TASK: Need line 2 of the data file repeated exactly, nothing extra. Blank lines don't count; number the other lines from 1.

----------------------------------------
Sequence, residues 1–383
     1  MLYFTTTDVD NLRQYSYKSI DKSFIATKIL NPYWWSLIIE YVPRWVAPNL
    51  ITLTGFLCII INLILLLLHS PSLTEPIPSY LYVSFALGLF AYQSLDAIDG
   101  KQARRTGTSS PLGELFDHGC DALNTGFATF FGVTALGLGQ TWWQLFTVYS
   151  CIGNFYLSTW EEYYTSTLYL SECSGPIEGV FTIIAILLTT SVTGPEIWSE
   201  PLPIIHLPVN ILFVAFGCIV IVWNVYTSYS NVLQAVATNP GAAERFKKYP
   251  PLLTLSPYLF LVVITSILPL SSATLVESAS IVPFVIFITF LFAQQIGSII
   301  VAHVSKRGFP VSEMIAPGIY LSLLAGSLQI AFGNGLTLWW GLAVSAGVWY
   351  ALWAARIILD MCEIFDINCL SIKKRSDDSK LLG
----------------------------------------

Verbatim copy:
     1  MLYFTTTDVD NLRQYSYKSI DKSFIATKIL NPYWWSLIIE YVPRWVAPNL